Restaurants get a break on profit-eating delivery fees from third-party apps

The apps can only take a 15 percent cut, at least until February.

Julian Rai gingerly opens the door after grabbing a Grubhub order at Ice Cream Riot in Capitol Hill. March 13, 2020. (Kevin J. Beaty/Denverite)

Julian Rai gingerly opens the door after grabbing a Grubhub order at Ice Cream Riot in Capitol Hill. March 13, 2020. (Kevin J. Beaty/Denverite)

staff photos

A law passed Monday by the Denver City Council caps fees taken by third-party food-delivery apps at 15 percent of the customer’s tab.

City Councilwoman Kendra Black sponsored the bill in response to the pandemic-caused recession that has leveled local restaurants. A quarter of all jobs lost in Denver during the COVID-19 era have come from the restaurant industry, according to city council documents. Restaurants employ about 10 percent of the city’s workforce.

To pick up and deliver food, apps like DoorDash, Grubhub, UberEats and Postmates had been charging restaurants up to 35 percent of each customer’s bill, said Black, who worked with delivery companies and the restaurant industry on the law. She said large chains have better luck negotiating smaller fees than local, small businesses.

“It’s really the little guys who are paying the highest rate, and it does really hurt them,” Black said during a committee meeting last month.

Spokespeople for DoorDash and Postmates framed the cost to restaurants as a “commission” — not a fee — that’s negotiated based on restaurants’ needs. That commission is the company’s main source of revenue, said Ashley De Smeth, head of public affairs and policy communications for Postmates.

“Arbitrarily setting on-demand delivery prices has real consequences that undermine our ability to operate (and) fund relief efforts and benefit programs for merchants, couriers and customers, and kills the whole industry’s ability to provide the services restaurants need to stay open during this national emergency,” De Smeth said in a statement. “But to keep delivery available to all customers and merchants in Denver, we hope the council will consider a phasing out of the cap in proportion to the opening of in-room dining capacity.”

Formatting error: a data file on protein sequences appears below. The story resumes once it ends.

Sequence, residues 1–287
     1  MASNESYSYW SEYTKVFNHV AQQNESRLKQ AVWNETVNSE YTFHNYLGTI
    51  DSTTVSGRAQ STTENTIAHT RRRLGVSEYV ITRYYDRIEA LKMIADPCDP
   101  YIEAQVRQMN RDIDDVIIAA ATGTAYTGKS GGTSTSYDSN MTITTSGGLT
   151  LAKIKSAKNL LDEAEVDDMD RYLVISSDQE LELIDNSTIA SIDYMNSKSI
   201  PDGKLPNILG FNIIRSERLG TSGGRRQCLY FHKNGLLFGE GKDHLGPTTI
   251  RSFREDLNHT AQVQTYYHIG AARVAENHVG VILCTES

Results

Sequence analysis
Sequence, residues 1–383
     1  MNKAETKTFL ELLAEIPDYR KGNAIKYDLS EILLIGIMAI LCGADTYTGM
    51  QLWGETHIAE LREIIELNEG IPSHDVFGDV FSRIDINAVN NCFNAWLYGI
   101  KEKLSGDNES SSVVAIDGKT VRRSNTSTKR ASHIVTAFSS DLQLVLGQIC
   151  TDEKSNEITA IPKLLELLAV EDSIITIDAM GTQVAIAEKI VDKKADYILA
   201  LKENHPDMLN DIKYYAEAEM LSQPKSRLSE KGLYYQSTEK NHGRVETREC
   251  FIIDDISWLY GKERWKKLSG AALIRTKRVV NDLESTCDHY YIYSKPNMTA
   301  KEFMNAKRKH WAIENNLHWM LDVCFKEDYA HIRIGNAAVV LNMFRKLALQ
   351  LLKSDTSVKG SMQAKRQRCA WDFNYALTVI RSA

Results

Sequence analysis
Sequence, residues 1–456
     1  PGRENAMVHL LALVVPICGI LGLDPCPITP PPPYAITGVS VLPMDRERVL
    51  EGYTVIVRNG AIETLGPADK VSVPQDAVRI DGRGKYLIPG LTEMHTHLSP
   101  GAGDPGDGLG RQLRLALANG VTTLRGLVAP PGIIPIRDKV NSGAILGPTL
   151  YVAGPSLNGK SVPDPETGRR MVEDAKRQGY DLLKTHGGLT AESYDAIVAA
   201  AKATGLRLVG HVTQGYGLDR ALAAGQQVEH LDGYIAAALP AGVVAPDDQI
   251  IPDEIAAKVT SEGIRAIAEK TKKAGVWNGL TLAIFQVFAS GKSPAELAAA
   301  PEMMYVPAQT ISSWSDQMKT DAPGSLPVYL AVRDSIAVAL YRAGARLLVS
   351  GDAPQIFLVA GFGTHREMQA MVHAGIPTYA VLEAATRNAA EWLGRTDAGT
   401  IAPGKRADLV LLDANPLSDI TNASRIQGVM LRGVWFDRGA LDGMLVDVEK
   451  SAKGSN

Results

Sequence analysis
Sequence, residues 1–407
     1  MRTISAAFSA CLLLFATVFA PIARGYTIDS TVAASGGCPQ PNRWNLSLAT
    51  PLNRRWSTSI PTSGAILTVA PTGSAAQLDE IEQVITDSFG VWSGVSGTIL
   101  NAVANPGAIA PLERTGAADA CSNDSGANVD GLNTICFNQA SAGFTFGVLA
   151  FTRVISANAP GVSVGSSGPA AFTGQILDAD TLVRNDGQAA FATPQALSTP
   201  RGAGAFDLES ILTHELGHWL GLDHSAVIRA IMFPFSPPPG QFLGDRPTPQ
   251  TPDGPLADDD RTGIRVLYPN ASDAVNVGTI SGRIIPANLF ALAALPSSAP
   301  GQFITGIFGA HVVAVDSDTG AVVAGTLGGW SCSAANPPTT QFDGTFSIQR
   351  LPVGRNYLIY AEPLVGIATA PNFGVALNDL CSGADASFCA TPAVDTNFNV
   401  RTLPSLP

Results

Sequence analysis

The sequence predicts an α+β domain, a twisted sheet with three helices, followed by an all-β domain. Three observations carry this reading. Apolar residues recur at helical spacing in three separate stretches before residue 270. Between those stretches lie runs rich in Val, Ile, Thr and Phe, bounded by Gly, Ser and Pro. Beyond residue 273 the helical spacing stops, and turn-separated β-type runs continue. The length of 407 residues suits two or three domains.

The law will expire on February 9 unless city council renews it. Black said council will monitor the state of the local industry through the winter.

Taylor Bennett, global head of public affairs for DoorDash, said “price-fixing” might unintentionally harm business owners, customers and couriers. The company is “eager” to work with the city council on future policies, he said in a statement.

Denver joins more than a dozen cities and states that have passed similar laws with a cap of around 15 percent. Councilwoman Robin Kniech urged residents to ask restaurants if they provide in-house delivery to keep even more money in the pockets of local business owners.

“It’s always best to check there first … because 15 percent is still steep,” Kniech said.

Delivery apps can charge restaurants more than 15 percent if they opt into other services like marketing, according to the law.

Another part of the law affirms that couriers must retain all of their tips; food-delivery apps cannot garnish gratuities to make up for smaller profits from local restaurants, the law states. And restaurants must opt into the service — a stipulation that came from apps listing restaurants without their permission, Black said.

The council unanimously OK’d the new law.

 

 

 

 

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